Day 7

Drive to Sepilok after Birding at Mount Kinabalu

We will drive southeast to Sepilok for an overnight stay after some early morning birding at Mount Kinabalu.


This afternoon, we'll explore the Kabili-Sepilok Forest Reserve Rainforest Discovery Center, one of Malaysia's best-known sanctuaries. There's a truly stunning RDC canopy walkway. It offers some beautiful canopy birding, and the RDC is a good place to see Bornean Bristlehead, a species that can be tricky to see in its own monotypic family. The RDC is a great spot for the beautiful Rufous-collared Kingfisher. Go for an evening walk with a fair chance to meet Bornean Tarsier, the goggle-eyed Slow Loris, Lesser Mouse Deer, and Malay Civet.

Day 8

Lower Kinabatangan Conservation Area and the Gomantong Caves

We head south to the Lower Kinabatangan Conservation Area for a three-night stay next to the Kinabatangan River after some more birding at Sepilok.

On the way, we will visit Malaysia's famed Gomantong Caves, which are a sight to behold. This huge cave system, which penetrates far into a massive outcrop of limestone, is probably the largest in Sabah and home to millions of swiftlets and bats.


The small forest reserve around the caves is full of birds. Here, especially among a range of species, we will be hoping to see the Black-throated Babbler. Bornean orangutans have also gotten the first chance.

Days 9 - 10

Exploring the Kinabatangan

Based at our riverside lodge, in search of the extraordinary Proboscis monkey, which is endemic to Borneo, we will explore some of the shadier and quieter stretches of Kinabatangan and other local rivers on board boats. Silvered Langur (or Silvered Leaf Monkey) and Long-tailed Macaque are likely to be found, and we have another chance for Orang-utan as well.


The floodplain forests at Sukau hold a wealth of birds, and we will look in particular for the highly localized Wrinkled Hornbill, the rare and enigmatic Storm's Stork, the uncommon Jerdon's Baza, the rare and retiring endemic Bornean Ground-Cuckoo (which takes both persistence and luck to see), and the endemic Dusky Munia.

Day 11

Lahad Datu region to the Danum Valley Conservation Area

We will travel to the Lahad Datu region after the last early morning at Sukau. In total, we'll spend four nights in the popular Danum Valley Conservation Area. We'll be arriving in time for some initial exploration.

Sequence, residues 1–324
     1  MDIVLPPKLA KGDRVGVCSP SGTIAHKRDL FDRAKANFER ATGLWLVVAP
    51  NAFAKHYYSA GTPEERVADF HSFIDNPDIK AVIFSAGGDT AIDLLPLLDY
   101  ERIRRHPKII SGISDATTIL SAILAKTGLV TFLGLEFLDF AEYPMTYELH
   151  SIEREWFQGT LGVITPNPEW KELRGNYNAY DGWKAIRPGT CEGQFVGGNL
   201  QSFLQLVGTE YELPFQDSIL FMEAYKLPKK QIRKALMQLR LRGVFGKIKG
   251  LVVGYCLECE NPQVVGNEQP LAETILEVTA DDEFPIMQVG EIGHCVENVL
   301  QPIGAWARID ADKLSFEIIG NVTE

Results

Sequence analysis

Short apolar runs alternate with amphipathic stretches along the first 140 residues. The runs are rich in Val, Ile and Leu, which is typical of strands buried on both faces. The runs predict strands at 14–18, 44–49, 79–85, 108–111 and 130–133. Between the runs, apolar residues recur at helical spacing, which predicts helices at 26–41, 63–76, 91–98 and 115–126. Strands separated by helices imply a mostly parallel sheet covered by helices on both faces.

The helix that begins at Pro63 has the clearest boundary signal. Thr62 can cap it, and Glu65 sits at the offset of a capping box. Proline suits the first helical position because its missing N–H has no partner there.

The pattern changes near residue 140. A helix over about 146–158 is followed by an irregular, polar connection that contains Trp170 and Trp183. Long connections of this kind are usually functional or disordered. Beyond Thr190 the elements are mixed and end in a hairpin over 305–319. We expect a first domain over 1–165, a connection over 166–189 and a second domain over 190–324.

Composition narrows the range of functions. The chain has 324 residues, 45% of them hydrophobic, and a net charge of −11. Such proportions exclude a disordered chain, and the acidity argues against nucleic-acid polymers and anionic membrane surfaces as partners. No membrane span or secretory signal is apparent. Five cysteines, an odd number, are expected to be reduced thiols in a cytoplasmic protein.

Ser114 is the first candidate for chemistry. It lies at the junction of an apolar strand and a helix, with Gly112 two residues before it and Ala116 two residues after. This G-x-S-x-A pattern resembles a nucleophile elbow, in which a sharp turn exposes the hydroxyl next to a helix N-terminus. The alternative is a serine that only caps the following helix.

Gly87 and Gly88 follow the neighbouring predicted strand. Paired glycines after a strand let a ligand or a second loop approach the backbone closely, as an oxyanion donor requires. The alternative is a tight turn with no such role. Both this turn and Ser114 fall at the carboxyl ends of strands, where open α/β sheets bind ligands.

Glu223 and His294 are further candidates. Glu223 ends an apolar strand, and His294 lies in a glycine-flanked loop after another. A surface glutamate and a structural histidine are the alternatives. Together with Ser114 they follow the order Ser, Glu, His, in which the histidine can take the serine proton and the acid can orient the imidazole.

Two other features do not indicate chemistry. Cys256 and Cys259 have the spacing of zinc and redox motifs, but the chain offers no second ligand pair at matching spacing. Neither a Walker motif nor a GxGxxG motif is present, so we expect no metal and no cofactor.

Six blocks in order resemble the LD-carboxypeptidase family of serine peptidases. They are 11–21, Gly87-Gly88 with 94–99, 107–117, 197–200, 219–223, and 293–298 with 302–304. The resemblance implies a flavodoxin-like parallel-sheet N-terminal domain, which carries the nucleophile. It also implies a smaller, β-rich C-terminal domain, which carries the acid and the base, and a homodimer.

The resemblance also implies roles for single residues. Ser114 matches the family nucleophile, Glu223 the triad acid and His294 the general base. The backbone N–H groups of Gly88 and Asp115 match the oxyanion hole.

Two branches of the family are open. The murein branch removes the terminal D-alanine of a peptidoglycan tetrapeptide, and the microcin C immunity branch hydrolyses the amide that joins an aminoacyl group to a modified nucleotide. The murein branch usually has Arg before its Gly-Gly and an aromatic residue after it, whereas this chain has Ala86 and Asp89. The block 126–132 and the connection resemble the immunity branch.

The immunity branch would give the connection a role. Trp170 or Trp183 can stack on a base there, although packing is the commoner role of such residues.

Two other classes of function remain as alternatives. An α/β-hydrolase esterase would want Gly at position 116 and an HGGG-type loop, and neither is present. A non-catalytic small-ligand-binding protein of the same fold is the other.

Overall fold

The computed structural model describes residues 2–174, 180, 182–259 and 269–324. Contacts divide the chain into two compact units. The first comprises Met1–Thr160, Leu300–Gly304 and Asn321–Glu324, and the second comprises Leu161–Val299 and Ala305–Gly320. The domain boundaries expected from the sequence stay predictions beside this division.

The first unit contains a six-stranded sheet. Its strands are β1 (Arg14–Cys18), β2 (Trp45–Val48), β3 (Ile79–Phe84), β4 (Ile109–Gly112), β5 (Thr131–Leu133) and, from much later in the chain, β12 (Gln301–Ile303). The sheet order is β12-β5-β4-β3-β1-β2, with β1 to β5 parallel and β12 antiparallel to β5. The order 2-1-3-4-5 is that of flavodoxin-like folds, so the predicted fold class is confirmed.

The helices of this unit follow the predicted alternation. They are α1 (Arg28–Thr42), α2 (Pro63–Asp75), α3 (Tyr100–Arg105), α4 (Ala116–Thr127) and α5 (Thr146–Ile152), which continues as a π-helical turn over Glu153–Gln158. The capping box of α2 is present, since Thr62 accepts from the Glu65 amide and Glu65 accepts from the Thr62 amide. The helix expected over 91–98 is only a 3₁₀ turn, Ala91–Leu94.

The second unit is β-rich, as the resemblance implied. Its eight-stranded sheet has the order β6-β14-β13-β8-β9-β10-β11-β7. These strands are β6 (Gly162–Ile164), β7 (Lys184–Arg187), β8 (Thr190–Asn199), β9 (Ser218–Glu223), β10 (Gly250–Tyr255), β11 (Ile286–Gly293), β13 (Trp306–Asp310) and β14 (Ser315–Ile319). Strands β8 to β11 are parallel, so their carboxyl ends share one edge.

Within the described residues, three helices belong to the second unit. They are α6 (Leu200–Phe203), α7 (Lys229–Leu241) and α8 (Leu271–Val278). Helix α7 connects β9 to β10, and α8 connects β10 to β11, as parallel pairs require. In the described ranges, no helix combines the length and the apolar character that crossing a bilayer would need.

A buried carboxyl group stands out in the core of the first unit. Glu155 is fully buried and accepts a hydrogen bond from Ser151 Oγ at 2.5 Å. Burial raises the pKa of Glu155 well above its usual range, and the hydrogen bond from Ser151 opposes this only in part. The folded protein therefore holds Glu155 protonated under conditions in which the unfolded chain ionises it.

Days 12 - 14

Danum Valley Conservation Area

The Danum Valley Conservation Area contains some of Sabah's most accessible undisturbed lowland rainforest (and indeed the whole of Borneo), matched only by Taman Negara National Park in West Malaysia's wildlife tour. Gigantic trees (some reaching over 80 m tall, creating the highest canopy of any rainforest), clambering lianas, spectacular butterflies, strange-looking insects, and a disconcerting variety of birds are all integral features of this superbly balanced and stable environment. There are more species of trees here than in Amazonia, and this floristic richness has a profound influence on the avifauna. Our lodge is situated on the banks of the Danum River and is surrounded by trees.

The numerous flowering and fruiting trees around the lodge attract a good variety of birds, and in just a few minutes we can access an excellent network of trails that will take us deep into the shade of the forest, where sound becomes an all-important means of locating birds.

Danum Valley hosts a fantastic selection of species, and we have an excellent opportunity to find many of the local endemic specialties.

The best draw here is the unusual and exotic Bornean Bristlehead (now raised in his own monotypic family), and we'll expect to hear his odd whistles and growls coming from the canopy and then catch sight of a group of those strawberry-headed enigmas passing through the tops of the forest.


We would also have the potential for many nocturnal excursions during our stay at Danum Valley and have an outstanding chance to see Buffy Fish Owl and Brown Wood Owl, Oriental Bay Owl, and pretty good potential for Barred Eagle-Owl. The reserves also have one of Borneo's largest populations of Bornean orangutans, and in their forest kingdom, we should see these magnificent apes, a truly thrilling sight. Other regularly observed primates include the Sunda Pigtail Macaque, the Bornean Gibbon, and the beautiful Maroon Langur (or Red Leaf Monkey).

Day 15


After some final birding at Danum Valley, we will drive to Lahad Datu airport, where our Borneo tour ends this afternoon.

end of Malaysia's wildlife tour.